Please use this identifier to cite or link to this item: http://arks.princeton.edu/ark:/88435/dsp019s161630w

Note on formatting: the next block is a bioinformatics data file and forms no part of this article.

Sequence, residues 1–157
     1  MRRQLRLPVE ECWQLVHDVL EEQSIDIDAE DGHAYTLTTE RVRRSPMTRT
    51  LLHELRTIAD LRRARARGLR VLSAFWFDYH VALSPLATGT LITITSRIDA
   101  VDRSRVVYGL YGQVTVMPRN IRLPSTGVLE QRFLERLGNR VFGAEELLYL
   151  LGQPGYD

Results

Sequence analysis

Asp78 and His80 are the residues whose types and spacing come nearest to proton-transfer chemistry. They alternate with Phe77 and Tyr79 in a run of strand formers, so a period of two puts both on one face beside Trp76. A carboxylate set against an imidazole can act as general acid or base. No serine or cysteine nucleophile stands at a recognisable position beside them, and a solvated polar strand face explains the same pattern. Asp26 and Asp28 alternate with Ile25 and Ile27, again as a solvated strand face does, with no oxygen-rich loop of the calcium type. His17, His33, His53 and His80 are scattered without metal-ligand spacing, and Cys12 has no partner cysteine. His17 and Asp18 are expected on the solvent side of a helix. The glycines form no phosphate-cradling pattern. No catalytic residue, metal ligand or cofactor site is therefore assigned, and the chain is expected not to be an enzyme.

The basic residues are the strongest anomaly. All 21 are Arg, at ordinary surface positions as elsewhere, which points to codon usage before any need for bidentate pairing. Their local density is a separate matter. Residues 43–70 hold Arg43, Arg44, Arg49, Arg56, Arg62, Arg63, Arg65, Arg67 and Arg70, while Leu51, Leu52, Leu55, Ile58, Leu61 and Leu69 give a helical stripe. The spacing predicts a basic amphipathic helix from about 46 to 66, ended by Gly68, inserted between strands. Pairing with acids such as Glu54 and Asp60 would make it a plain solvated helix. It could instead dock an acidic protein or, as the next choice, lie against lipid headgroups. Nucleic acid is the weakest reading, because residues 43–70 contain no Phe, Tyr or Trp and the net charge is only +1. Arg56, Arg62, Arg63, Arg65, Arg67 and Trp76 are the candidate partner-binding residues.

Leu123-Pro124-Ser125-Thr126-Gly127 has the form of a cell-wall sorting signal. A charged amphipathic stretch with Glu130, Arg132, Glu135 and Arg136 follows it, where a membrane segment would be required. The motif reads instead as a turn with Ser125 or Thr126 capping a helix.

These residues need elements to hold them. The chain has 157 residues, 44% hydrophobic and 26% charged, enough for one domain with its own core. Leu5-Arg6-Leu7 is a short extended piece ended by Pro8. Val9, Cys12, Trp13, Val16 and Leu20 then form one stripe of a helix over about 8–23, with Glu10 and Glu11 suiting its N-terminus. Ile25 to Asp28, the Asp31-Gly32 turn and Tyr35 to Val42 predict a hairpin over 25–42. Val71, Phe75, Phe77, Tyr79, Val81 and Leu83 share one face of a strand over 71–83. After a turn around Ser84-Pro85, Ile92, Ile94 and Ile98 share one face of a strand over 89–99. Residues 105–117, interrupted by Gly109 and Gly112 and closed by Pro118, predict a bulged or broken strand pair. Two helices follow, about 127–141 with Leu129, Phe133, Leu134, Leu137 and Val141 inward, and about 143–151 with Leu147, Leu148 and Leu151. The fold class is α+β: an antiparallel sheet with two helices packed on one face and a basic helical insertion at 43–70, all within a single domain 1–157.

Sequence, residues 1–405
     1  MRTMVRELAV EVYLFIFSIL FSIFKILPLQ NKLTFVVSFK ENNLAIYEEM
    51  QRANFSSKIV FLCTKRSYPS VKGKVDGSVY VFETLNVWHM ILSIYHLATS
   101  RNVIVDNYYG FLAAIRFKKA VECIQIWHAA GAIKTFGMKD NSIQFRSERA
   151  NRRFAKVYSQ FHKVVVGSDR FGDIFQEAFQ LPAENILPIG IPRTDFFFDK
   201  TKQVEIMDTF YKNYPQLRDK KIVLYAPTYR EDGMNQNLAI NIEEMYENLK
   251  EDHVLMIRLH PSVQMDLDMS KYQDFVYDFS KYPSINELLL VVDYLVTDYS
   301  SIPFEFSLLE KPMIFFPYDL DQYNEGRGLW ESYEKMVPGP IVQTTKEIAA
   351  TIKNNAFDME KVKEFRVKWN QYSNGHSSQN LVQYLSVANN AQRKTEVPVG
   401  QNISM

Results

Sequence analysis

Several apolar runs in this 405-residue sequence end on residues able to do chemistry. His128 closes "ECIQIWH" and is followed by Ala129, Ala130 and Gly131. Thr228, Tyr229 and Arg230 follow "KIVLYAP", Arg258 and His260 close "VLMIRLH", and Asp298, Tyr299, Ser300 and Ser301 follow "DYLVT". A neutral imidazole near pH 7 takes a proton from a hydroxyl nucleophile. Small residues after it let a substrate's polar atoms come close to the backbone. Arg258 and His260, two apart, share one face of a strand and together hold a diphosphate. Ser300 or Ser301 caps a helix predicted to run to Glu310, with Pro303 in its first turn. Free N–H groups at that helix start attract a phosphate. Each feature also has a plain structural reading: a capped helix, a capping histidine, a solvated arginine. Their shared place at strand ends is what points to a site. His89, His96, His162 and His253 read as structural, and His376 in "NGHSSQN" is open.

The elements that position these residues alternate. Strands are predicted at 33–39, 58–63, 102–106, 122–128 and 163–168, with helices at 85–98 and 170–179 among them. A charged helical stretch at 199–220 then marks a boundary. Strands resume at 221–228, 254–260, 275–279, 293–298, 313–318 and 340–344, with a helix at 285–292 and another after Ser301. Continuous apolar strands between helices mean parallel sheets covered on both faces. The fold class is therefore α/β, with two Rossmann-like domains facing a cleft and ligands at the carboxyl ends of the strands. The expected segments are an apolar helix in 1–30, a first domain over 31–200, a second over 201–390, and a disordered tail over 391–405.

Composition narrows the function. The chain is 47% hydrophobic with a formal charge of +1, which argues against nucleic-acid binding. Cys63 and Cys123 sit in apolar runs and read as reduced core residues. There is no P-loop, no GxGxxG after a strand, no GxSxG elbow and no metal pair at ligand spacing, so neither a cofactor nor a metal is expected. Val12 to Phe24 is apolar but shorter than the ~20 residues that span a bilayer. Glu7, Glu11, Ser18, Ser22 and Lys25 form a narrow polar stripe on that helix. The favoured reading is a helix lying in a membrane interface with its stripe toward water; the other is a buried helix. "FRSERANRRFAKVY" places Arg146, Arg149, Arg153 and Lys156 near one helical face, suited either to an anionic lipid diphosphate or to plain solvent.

Title: Cognitive Control and Intertemporal Choice: The Role of Cognitive Control in Impulsive Decision Making Authors: Getz, Sarah Jean Advisors: Cohen, Jonathan D.Norman, Kenneth A. Contributors: Psychology Department Keywords: Cognitive ControlImpulsivityIntertemporal Choice Subjects: PsychologyCognitive psychology Issue Date: 2013 Publisher: Princeton, NJ : Princeton University Abstract: The purpose of this thesis is to examine the role of cognitive control mechanisms in intertemporal choice (ITC). Six experiments were conducted that were designed to characterize how a cognitive load affects control mechanisms and to investigate the function of these mechanisms in contexts known to facilitate decision-making processes that favor long-term rewards. Chapter 2 describes experiments that show that interference and/or fatigue of control mechanisms resulted in more impulsive ITC decisions. In Chapter 3, behavioral methods were used to compare and examine whether a working memory (WM) load fatigues or interferes with control mechanisms during ITC. Preferences for immediate rewards were examined in both high fatigue and high interference conditions. The results from these studies provided evidence to support the idea that interference with, rather than fatigue of, control mechanisms leads to decisions that are more shortsighted. In Experiment 5 (Chapter 4), a framing paradigm was used to examine whether greater patience is the result of recruitment of cognitive control processes when ITCs are framed as accelerated. Participants in this experiment responded to either delayed or accelerated intertemporal choices while under either a high or low WM load. Results from this experiment did not support the hypothesis that greater recruitment of control mechanisms underlies acceleration effects. Experiment 6 examined whether decreased discounting during future episodic thinking reflects greater exertion of control. A modified future episodic paradigm was used in this experiment, and participants completed intertemporal choices while under either high or low WM load. These results suggest that control does not underlie decreased discounting in future episodic thinking. URI: http://arks.princeton.edu/ark:/88435/dsp019s161630w Alternate format: The Mudd Manuscript Library retains one bound copy of each dissertation. Search for these copies in the library's main catalog Type of Material: Academic dissertations (Ph.D.) Language: en Appears in Collections: Psychology

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